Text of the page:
Tomorrow morning, after I grab The Seattle Times
off my doorstep and read it over breakfast, I'll store it with my collection. Whether it's Hillary or Trump who wins tonight, that newspaper will report a landmark event.
Yes, I still subscribe to a print newspaper. Can't give up reading it each morning with my Heritage Flakes cereal or bacon and eggs.
And today I learned that every four years when an election rolls around, hordes of other Americans buy the Wednesday newspaper
, even if they've gone entirely digital in consuming their news.
"Paper has a certain kind of look and feel and smell to it that digital equivalents don't," says a professor quoted in an Associated Press story headlined, "Print newspapers are dead? Not after historic elections."
The article says The Seattle Times
will double the number of issues it prints tomorrow, like many major dailies across the country. You don't believe readers will buy them? Well, just last week the Chicago Tribune
printed 700,000 extra copies after the Cubs won the World Series for the first time since 1908.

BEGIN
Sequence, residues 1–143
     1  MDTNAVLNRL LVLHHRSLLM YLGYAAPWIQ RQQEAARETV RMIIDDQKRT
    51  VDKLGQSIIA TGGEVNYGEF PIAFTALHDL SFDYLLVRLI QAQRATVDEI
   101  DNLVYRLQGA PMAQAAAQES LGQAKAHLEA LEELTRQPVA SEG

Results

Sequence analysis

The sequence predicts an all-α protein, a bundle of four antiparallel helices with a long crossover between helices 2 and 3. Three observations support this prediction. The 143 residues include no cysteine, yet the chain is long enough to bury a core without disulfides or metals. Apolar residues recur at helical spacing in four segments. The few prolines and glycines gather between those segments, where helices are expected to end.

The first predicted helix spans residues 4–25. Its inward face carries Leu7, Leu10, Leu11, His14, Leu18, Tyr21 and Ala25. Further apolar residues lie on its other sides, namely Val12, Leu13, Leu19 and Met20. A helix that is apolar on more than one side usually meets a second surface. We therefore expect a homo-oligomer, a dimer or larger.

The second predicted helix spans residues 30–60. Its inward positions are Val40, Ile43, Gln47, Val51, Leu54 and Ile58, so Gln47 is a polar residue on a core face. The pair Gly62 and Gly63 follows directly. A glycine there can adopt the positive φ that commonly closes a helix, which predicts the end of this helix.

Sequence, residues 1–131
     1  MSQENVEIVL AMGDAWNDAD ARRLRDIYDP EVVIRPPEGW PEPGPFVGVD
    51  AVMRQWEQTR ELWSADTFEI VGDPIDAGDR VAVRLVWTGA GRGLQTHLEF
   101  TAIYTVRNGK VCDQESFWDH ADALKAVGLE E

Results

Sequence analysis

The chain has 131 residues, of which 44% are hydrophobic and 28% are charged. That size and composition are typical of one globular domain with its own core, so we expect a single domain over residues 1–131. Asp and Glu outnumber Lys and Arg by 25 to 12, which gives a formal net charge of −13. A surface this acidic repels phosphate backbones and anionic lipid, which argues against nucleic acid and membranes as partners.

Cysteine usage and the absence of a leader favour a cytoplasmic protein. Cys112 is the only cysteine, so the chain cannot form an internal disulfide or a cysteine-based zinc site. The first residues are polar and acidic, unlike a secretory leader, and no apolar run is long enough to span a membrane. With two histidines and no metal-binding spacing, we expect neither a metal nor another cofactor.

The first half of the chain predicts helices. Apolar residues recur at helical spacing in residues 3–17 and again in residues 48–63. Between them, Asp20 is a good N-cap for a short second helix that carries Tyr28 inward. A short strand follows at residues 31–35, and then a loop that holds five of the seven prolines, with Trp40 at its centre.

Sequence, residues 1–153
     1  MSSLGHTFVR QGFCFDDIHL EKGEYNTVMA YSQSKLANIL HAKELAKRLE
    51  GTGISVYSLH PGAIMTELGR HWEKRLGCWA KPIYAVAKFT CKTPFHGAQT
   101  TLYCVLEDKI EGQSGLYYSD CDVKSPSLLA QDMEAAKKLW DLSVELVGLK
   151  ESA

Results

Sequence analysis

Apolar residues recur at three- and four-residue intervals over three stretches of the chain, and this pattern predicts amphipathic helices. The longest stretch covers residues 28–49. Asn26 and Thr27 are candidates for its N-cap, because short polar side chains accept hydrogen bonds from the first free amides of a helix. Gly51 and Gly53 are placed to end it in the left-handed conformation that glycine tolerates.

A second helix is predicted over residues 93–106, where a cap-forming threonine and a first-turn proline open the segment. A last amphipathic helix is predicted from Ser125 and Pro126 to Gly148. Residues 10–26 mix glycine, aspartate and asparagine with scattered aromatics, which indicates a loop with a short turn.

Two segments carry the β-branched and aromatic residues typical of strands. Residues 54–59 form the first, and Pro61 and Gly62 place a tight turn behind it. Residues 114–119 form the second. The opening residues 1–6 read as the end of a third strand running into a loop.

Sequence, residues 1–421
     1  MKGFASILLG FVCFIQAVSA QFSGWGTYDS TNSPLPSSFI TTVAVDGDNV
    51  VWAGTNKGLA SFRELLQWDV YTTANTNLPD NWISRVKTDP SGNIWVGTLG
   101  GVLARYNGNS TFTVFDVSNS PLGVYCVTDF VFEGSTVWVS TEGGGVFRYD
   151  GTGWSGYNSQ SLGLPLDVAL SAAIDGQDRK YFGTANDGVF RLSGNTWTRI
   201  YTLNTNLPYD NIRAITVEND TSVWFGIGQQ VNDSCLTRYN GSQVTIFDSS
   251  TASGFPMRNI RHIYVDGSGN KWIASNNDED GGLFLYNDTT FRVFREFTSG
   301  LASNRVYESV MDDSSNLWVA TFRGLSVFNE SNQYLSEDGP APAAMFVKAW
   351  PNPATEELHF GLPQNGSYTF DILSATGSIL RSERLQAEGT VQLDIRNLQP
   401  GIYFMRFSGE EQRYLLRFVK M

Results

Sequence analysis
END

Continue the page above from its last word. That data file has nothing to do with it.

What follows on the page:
Since childhood I've collected print media with memorable headlines and stories. From "Man walks on moon" to "Nixon resigns" to "Champs!" after the Seahawks Super Bowl blowout, I have boxes of noteworthy newspapers and magazines tucked away in my garage.
My photos posted here capture some of those Times
and Seattle Post-Intelligencer
headlines, which arouse vivid memories. Like when Jimmy Carter was elected in 1976, and how he later seemed so refreshingly unpretentious as he walked the parade route on inauguration day. And like the empty anguish I felt after the murder of John Lennon.
I was curious just how out of step I might be with current trends, so I asked our core group of writers at PEMCO if they still subscribe to a print newspaper. Three said no, including a fellow baby boomer who stopped his subscription just two months ago.
Three including me said yes, they still subscribe. One is a former Times
reporter who said, "I keep up with current news via the Times
online, but still enjoy sitting down with the print edition because I find stories I wouldn’t otherwise seek out." Another colleague said, "The Times
accompanies me to breakfast. I’ll keep taking it until they kill it off completely. (Then, I’ll look for another one!)"
Even if you're not a collector, you might find and save tomorrow's newspaper for your descendants. Your grandkids or their offspring might someday enjoy holding an unwieldy mass of authentic newsprint in their hands as they gush, "Wow, this was the first woman ever elected president!" or, "Did we really elect a reality-TV star for president?"